Perfect layering piece for the ascent that starts really warm and gets really cold. On spring or fall days when this is the case, this in-between works great between really warm and really cold. Start with a base layer, as it gets colder, slip on the puff vest, and when you're up high, put a jacket over it and you'll be toasty warm. It works perfect!
You'll have no problem with flexing in these pants. FULL RANGE MOVEMENT! As far as the rain....if its a downpour, you'll get a little wet but they'll dry really fast and in light rain you wont even know its raining.
I bought this fleece several seasons ago and its still one of my most worn items. It used to go out to the bars with me on the weekends but now its my "jacket" for trail running. One of those items that you will never stop using once you have it.
Go for a 34 it will fit fine.
These pants are my all-mountain pants. For skiing, climbing, trekking, etc. You'll be fine skiing as long as you are skiing and not rolling down the hill.
Yeah, just like everyone else said.....an awesome mountaineering sock. Dries super fast, great for sticking at the bottom of your sleeping bag at night for drying. Keeps feet warm, or warm enough on colder outings.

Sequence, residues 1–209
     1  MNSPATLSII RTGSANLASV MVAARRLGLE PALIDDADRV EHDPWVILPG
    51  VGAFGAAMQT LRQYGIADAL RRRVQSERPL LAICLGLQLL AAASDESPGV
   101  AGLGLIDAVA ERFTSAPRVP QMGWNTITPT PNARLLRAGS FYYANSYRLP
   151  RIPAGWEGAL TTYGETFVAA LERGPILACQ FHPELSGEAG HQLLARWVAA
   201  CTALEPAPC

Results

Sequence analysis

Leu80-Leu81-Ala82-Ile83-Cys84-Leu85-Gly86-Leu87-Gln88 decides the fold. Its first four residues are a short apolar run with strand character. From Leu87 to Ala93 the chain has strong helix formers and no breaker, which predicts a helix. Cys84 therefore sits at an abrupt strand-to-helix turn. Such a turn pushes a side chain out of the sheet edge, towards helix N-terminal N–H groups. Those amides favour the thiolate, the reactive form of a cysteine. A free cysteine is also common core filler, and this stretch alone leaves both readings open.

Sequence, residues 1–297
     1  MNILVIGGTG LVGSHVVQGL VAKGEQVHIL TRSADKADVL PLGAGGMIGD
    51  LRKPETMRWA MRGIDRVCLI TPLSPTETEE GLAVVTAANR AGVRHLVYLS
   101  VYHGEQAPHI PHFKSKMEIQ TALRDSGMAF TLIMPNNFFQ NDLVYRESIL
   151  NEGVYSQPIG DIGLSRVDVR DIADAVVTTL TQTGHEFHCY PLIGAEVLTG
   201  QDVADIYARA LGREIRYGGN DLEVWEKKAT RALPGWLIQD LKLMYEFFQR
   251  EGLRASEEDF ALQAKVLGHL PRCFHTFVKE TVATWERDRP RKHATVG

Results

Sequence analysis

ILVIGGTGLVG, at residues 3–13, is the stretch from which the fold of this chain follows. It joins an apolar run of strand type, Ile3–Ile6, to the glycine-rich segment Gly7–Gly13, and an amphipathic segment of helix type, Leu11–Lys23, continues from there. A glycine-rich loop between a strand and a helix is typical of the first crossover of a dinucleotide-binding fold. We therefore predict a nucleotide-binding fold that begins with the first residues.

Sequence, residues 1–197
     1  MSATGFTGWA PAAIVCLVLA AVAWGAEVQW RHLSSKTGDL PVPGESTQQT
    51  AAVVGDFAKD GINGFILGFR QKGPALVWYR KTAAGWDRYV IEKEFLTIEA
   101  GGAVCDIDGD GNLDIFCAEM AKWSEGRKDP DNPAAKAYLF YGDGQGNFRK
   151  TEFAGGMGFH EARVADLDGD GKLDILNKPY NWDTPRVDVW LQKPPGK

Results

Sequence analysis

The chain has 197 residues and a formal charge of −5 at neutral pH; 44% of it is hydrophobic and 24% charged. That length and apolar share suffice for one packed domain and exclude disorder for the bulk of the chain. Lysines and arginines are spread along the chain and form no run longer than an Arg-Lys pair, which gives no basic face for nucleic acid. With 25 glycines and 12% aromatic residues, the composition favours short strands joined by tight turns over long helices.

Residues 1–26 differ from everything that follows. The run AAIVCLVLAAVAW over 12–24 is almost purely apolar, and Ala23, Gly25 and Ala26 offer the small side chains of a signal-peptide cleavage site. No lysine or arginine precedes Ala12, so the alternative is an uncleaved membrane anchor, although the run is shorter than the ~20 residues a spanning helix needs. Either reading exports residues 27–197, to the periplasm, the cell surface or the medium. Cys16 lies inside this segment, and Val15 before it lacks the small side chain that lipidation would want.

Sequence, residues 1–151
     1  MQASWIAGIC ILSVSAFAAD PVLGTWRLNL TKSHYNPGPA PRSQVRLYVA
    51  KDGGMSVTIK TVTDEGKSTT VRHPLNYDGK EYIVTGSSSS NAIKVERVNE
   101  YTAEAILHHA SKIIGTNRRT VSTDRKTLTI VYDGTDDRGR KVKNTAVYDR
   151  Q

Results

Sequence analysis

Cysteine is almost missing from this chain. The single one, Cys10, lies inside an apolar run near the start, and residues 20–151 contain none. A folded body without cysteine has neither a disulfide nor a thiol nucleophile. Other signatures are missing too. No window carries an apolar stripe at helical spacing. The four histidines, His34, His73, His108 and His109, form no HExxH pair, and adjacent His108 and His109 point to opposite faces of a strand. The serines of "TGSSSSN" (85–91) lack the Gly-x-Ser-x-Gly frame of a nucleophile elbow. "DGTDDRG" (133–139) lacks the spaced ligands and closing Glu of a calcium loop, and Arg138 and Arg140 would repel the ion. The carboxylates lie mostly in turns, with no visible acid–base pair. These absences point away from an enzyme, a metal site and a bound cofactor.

I've washed them several times but never put them through the dryer. They seem to loose some of its original puffiness after the first wash and shrink just a bit.
Another great piece from Patagonia! I use this over a long sleeve capilene shirt or a merino wool base layer, and its goes on almost any ascent from alpine ascents (-5 to 10 Celcius) to multi-pitch craging. If you get caught in the wind, you will have to slip on a shell. Probably the most oustanding quality of this garment is its ability to breath and get moisture away from your body. You can actually see droplets of moisture on the outside of the garment after the hard work.
I have a size large and the sleeves are perfect length but the body is very long. Its great to tuck in and doesn't ride up as your trucking a big pack up the hill.
I have a few of these briefs that I bought like more than 5 years ago. It's incredible how long these undies last. By far the most durable underwear in the market!! Capilene rules!!
I have a Rain Shadow Jacket and it is by far the most used piece of clothing I have in the arsenal. It goes with me to all crags, around town on rainy days, and up high on summer ascents. It's a jacket that is breathable enough to be versatile in the mountains during the summer and slip on during chilly climbs in the winter. It takes on buckets of rain with no problem and it packs down great. Also durable enough to wiggle up chimneys. A "must-have" piece.
I'm no scientist but Gore-Tex is a long lasting fabric with good reputation. Brands like Patagonia and North Face only develop a fabric that has all the same qualities as Gore-Tex but (probably) better in some ways and just different enough to patent it. I have a Rain Shadow Jacket and I've been out in some serious downpours. I would say Patagonia's fabric is just as breathable and waterproof as any gore-tex piece.